A relative of mine also bought a lot there but in the early 1980’s. That’s how I found out about the place. His was a waterfront lot which he paid the princely sum of $35,000. He put up a park model on it and only used it in the winter time. He sold it, due to health issues about 5 years ago for $375,000. Not a bad investment over the long or short term.
Anyways, lots are high down here although in some of the less fancy resorts I’ve seen them go for well under $100,000.
Like any real estate purchase, you will probably need to get a mortgage. They are available but sometimes with restrictions. I had some issues with mine when I bought the lot. The bank, who financed almost all the mortgages for the resort said I was approved and then some pissant worker bee discovered that the lot had no structure and decided they wouldn’t finance the property. A rather heated discussion over the phone and the threat of legal action got their asses straightened out and the mortgage went through.
Like any condo association, you will also be paying condo dues and maintenance fees. This is money used to keep the property up, repairs to the infrastructure, and special assessments for certain projects. In my case, I got hit with a $2500 bill for new sewer lines. And I understand that sewer no longer fits the requirements of the big Keys wide sewer project and all the residents will be hit up again for more money.
Rv resorts can vary in style, amenities, and comfort. Some are little more than a cleared lot with grassy lots, unpaved roads, and a beat up old boat ramp for water access. Others are 5 star resorts allowing only the fancy big diesel pusher luxury motor homes in. As for the one I owned at Venture Out, it was somewhat in the middle to higher end. The resort is pretty large with over 640 lots. All the lots are paved with nice wide streets, plenty of landscaping, a nice boat ramp, pool, tennis court, store, post office, community center, bath houses, and laundry facilities. At mm 23 it sits half way between Marathon and Key West. It’s gated with 24 hour guards so it’s secure. During the winter months when all the snowbirds are in there are daily activities like bingo, movies, and such. Access to the water is on the Atlantic side and you are a short distance from Looe Key reef and other good diving and fishing spots. There is an onsite realtor, (Trisha, nice girl, very helpful and knows what she is doing) in case you want to buy, sell, or rent your lot. VO has limits on what you can bring in for an rv. 26 feet is the minimum size. No tents or micro campers here. Over all, a pretty nice place to do some serious rv living.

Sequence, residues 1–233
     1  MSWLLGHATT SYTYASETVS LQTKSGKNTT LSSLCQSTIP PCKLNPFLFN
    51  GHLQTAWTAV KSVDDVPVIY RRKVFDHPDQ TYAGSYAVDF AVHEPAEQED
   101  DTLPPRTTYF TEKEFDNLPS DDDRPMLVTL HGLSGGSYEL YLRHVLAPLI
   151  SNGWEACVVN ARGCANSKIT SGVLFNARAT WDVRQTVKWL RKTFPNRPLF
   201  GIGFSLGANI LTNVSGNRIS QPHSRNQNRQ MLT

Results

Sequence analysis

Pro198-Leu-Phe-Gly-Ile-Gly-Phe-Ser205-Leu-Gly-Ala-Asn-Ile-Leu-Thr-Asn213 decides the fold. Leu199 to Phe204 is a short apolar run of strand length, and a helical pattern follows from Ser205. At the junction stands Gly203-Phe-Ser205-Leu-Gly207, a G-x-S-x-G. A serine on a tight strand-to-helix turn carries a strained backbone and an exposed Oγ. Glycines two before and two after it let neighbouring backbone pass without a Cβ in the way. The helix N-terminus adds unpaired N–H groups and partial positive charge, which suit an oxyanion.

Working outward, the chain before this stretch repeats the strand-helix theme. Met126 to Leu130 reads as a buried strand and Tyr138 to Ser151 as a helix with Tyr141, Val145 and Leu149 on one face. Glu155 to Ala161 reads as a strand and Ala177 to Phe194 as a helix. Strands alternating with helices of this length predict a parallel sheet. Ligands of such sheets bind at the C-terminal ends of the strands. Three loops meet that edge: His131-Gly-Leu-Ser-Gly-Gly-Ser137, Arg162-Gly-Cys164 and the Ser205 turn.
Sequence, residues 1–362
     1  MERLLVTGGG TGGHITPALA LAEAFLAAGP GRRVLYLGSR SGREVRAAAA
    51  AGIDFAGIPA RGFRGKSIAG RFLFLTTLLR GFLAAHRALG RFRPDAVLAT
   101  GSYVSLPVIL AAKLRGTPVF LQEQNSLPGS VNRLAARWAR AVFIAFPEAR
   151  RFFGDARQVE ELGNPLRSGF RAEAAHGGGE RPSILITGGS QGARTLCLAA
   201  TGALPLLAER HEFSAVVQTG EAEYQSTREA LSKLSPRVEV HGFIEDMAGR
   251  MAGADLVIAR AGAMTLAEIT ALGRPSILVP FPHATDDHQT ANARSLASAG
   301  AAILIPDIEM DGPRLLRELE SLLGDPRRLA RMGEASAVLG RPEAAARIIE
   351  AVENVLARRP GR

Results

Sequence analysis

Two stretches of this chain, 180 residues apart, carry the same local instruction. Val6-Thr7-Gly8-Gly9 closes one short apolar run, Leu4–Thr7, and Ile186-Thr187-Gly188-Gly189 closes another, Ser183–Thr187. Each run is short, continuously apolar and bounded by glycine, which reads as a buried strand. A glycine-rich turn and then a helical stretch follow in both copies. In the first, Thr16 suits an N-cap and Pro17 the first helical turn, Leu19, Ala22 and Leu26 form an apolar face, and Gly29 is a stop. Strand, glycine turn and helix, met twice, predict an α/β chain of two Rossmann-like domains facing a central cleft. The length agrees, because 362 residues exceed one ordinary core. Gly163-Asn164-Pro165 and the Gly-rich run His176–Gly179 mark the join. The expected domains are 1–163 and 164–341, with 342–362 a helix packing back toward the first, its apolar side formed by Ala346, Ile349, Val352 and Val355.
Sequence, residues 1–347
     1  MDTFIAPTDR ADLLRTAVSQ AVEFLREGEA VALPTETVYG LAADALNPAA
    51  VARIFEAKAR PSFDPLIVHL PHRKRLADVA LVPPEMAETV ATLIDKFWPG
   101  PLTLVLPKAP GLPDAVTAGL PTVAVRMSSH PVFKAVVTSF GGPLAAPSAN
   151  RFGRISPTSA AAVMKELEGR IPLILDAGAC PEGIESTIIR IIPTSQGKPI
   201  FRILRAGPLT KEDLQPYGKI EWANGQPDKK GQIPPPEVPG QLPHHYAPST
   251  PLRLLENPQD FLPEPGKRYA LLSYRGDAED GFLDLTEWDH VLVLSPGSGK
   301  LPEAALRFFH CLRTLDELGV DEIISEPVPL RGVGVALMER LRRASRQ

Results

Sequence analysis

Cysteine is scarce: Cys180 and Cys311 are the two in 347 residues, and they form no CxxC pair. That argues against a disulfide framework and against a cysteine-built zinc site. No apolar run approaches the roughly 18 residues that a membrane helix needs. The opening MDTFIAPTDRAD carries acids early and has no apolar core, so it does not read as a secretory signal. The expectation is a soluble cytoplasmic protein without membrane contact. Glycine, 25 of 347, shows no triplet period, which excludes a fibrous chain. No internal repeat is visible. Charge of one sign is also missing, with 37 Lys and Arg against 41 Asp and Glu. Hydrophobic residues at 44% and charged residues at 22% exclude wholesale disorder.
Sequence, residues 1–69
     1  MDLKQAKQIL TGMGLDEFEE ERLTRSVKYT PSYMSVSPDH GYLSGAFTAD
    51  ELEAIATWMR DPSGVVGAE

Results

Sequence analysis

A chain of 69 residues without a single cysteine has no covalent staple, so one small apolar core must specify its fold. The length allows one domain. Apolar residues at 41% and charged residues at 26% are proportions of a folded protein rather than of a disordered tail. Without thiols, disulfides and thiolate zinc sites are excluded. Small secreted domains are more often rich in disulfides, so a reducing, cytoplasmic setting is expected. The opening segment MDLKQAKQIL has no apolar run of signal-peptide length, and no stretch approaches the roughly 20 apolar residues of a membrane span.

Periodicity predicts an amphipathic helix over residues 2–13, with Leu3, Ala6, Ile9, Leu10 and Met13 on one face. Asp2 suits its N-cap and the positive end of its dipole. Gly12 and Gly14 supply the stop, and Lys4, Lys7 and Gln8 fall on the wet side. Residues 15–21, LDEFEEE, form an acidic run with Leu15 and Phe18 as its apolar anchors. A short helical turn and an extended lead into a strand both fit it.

I did have a chance to live in a lesser resort for a few months up in Marathon. Key Resort was it’s name. When it had a working website I noticed it had rv lots on the cheaper end so when I had a chance to live there for a while I jumped on it. And I was glad I did. The “resort” is little more than a couple strips of land along a canal with small gravel lots, narrow streets, and not much else. The owners of the other lots were extremely unfriendly and the manager was one of those idiots with the entire new testament papering the walls of his office. A very fat, foul man, who never spoke kindly about anyone and when one renter died, had the audacity to joke about sending the body back north strapped to the top of a pick up truck…something he said in front of the dead guy’s girlfriend. If that’s what passes for christian values, y’all need to find yourselves another diety. Anyways, I couldn’t get out of there fast enough. I was disappointed because the location of the park was right next door to the Publix and you could get around by bike all over the island. Would be a nice place it had a complete turnover of owners and management.